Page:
Andersson is no stranger to pushing the needle. In 2012, while still at AP4, he started to decarbonize its investment portfolio – while the practice is well known amongst ESG investors today, five years ago it was relatively unheard of.

He says it was a challenge to get AP4 onboard initially: “When you do things differently and start a new journey you will always be questioned. I was questioned by my board, I was questioned by my colleagues, I was questioned by the press, I was questioned by the companies, I was questioned by everyone.

“But you need to have a belief in yourself and a willingness to take on the fights. I was always strongly supported by my (then) Chief Investment Officer Magnus Ericsson.”

Andersson also says being transparent about the process helped. “When we started, it was questioned whether we had the accurate figures. But I said ‘no’. I have enough to act and I’ll be transparent so if I do something wrong I can least refer to why I did it and adjust.”

Today, AP4 is a leader in tackling climate risk. Last year it committed to decarbonize its entire global equity portfolio by 2020 – one of the most ambitious pledges by an institutional investor. And Andersson says that its current low-carbon indices have not only reduced carbon footprint but also seen strong outperformance.

Andersson is still involved with the Portfolio Decarbonisation Coalition (PDC), the partnership between AP4, Amundi, CDP and UNEP FI seeking to mobilise investors to decarbonize their portfolios. There are currently 28 members who collectively control $3trn in assets and have pledged to gradually decarbonize a total of $600bn by designing investment portfolios with a smaller climate change impact.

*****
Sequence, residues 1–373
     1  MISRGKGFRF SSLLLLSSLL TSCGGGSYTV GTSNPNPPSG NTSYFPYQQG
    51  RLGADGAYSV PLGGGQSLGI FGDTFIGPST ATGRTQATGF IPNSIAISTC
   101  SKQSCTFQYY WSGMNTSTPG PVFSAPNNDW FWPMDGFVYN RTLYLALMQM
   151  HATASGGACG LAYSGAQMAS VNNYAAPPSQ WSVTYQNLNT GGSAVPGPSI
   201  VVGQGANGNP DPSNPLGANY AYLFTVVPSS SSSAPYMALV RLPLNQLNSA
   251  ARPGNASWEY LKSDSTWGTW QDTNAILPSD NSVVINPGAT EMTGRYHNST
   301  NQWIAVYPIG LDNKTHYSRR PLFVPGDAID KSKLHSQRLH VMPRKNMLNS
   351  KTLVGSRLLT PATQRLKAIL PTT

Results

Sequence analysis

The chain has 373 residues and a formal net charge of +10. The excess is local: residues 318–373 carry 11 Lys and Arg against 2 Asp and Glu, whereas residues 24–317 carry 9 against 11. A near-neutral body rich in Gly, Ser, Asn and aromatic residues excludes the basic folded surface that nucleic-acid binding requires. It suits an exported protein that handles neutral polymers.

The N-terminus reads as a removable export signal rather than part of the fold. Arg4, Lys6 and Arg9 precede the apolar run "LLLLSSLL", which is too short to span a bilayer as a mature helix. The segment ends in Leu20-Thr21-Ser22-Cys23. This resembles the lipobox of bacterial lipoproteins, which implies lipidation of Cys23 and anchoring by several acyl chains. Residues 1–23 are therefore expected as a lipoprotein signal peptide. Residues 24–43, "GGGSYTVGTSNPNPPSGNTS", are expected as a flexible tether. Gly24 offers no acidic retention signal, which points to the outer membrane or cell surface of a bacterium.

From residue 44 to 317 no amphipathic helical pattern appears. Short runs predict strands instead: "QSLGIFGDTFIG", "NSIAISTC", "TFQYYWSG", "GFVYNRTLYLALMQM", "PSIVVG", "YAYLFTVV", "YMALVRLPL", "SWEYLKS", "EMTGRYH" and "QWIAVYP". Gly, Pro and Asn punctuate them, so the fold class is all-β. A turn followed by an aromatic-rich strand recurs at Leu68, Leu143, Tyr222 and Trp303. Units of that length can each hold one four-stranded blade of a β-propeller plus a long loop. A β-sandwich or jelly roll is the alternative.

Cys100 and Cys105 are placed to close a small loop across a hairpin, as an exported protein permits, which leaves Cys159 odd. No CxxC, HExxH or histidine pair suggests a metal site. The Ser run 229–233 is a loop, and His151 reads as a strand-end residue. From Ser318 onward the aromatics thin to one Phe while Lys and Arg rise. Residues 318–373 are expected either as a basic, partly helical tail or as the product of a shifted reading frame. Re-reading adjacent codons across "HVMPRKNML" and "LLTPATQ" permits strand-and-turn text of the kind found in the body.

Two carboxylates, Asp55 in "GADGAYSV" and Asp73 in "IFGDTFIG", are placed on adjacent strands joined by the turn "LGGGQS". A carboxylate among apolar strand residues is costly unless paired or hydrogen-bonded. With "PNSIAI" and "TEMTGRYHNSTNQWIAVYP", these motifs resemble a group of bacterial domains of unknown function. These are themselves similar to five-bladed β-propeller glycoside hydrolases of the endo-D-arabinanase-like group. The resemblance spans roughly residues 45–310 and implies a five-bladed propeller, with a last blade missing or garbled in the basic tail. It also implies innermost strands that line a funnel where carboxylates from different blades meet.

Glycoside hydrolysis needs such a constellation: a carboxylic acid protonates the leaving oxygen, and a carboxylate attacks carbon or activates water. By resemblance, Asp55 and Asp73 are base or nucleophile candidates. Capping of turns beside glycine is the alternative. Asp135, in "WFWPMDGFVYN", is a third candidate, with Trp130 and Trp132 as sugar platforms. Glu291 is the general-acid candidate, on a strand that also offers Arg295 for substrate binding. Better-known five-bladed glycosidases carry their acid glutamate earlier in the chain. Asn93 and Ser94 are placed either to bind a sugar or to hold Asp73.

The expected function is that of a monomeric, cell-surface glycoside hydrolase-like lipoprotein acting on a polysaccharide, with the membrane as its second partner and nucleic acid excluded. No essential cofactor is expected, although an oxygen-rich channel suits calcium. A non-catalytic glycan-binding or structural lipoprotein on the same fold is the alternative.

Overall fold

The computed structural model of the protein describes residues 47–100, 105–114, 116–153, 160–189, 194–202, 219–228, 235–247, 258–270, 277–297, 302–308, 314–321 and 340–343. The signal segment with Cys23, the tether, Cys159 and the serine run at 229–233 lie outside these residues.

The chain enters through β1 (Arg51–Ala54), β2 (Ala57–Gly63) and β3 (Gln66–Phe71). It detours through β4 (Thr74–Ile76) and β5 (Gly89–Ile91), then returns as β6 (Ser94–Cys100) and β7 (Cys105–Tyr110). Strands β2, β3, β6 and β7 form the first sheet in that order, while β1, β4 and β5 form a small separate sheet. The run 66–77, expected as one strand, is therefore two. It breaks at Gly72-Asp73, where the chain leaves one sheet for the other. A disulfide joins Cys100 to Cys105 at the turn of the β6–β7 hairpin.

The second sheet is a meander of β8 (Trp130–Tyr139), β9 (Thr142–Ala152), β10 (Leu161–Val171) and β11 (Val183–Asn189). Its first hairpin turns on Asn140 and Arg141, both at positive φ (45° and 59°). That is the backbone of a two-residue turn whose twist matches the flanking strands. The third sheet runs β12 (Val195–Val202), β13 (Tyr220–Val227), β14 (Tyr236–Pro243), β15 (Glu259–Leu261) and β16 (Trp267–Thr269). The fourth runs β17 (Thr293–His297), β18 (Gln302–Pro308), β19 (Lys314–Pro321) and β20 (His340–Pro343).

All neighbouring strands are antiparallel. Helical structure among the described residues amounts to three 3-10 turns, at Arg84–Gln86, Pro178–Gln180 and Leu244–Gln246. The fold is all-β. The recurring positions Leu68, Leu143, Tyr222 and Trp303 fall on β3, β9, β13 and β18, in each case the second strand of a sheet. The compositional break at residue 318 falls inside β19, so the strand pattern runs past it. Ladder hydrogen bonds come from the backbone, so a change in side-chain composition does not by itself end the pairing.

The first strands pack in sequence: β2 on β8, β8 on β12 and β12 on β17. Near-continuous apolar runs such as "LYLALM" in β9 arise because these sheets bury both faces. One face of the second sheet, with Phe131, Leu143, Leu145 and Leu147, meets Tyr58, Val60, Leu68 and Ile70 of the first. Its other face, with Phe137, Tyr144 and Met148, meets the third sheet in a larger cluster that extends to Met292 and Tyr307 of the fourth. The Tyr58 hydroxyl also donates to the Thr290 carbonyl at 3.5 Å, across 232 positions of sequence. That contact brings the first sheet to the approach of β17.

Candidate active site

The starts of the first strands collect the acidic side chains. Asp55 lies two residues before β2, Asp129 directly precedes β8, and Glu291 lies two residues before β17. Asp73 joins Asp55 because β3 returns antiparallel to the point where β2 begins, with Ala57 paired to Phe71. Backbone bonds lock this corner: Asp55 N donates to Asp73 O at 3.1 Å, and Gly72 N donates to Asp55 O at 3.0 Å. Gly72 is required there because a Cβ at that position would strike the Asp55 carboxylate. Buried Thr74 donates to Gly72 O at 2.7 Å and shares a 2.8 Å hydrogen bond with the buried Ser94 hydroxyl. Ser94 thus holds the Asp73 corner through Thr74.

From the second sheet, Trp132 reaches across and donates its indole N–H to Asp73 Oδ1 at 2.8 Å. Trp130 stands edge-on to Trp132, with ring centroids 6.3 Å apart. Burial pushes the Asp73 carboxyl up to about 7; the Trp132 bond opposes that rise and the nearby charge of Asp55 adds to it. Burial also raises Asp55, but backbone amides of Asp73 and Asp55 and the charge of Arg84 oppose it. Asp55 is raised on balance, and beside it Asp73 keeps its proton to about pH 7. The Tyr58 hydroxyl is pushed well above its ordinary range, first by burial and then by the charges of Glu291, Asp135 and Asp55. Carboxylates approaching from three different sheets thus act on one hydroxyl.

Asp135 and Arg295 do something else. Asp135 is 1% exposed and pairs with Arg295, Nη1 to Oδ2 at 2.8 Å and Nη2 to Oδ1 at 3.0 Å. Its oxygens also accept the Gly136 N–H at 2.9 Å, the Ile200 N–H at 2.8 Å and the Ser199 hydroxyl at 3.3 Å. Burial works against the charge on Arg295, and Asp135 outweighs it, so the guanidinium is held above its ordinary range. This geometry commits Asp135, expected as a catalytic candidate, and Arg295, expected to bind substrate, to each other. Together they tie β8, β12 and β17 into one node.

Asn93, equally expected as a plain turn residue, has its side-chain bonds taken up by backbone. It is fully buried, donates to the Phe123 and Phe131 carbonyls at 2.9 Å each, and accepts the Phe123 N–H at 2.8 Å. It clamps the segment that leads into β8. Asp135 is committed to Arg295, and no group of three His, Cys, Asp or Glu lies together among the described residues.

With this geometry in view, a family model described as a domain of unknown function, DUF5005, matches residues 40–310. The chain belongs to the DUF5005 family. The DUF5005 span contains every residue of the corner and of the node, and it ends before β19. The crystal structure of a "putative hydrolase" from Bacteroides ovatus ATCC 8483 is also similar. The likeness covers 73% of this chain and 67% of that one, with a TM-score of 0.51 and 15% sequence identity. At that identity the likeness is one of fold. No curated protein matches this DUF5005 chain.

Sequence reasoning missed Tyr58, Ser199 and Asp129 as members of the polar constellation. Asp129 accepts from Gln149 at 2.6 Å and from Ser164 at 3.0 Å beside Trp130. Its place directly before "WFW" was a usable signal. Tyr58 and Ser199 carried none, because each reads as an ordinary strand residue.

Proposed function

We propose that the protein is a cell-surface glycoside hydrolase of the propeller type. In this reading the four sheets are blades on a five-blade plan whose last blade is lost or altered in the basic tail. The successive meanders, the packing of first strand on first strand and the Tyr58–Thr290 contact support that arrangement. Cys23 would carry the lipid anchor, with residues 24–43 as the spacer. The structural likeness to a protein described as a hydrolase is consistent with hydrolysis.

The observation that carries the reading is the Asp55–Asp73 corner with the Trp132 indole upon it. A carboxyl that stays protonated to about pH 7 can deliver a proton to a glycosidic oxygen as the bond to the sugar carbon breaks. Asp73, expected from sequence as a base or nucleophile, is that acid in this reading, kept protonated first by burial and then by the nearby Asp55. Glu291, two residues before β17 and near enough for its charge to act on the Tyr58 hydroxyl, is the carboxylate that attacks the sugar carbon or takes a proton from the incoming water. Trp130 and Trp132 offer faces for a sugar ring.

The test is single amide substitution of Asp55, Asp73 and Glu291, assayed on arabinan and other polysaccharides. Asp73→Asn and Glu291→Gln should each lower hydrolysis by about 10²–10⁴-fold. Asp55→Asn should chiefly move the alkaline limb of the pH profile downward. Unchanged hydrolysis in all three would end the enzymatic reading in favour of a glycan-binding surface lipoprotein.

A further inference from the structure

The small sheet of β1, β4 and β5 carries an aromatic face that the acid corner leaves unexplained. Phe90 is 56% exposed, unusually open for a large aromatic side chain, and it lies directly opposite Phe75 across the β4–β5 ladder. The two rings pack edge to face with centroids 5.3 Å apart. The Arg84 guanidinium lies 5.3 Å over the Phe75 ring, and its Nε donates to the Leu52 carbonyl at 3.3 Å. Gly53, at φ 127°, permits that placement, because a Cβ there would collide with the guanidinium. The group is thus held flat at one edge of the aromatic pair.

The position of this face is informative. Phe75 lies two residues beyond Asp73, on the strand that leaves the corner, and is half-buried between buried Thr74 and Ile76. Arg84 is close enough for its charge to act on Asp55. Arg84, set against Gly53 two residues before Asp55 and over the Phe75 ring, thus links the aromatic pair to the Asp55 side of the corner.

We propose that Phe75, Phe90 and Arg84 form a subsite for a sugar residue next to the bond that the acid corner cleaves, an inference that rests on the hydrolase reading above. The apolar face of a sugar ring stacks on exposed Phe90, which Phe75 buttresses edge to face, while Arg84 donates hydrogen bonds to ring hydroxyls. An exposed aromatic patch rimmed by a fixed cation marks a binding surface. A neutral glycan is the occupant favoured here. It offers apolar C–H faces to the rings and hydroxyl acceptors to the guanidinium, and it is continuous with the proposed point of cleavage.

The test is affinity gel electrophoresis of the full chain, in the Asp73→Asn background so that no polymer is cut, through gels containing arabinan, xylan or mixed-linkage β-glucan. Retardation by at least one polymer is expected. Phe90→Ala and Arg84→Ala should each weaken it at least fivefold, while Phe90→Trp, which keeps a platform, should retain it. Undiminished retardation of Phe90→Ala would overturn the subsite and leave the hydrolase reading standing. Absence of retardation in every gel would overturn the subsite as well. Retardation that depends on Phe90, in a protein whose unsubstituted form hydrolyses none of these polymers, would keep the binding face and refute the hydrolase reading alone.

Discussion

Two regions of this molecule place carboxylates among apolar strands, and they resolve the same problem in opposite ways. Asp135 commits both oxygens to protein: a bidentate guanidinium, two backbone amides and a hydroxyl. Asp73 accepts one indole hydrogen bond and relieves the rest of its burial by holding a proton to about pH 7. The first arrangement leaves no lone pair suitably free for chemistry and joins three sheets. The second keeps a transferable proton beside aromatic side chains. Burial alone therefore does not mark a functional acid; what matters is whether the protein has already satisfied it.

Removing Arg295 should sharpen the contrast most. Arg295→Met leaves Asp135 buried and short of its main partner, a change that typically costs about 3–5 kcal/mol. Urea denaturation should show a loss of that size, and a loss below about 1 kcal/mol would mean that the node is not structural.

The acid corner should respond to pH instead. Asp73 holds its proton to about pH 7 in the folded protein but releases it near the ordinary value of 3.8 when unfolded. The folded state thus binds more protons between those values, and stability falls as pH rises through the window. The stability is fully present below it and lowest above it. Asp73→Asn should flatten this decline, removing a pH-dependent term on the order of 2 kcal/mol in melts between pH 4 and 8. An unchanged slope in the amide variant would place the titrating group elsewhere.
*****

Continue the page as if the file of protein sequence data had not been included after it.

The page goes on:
However, some are critical about approaches to decarbonisation. For example, AP4 kick-started its work around decarbonisation by pledging €1bn to the MSCI Low-Carbon Leaders Index, through Amundi. The top holding in that index was Exxon, considered by many to be one of the most obstructive oil majors in the climate change debate. There is also the growing argument that carbon intensity does not automatically correlate with an investor’s climate risk, as different sectors and companies will be hit differently by climate-related policy and natural disasters, regardless of their emissions profile.

Andersson thinks this is the wrong attitude to take: “We all know that time is short and by criticizing and just finding whatever number is right or wrong, it doesn’t move the needle one bit. You need to have the attitude of actually wanting to make things better and if we can have competing models and competing ways to do it I think that’s good as that will lead to more efficiency.”

He continues: “I’ve said many times that I’m agnostic. I don’t care what pension funds do but just do something. Divest, invest, engage, go into renewables. But start communicating your principles to the pensions, to government and step-by-step you can develop.

“Don’t kill the whole project by saying one thing is wrong or that one number hasn’t come out the way it should.”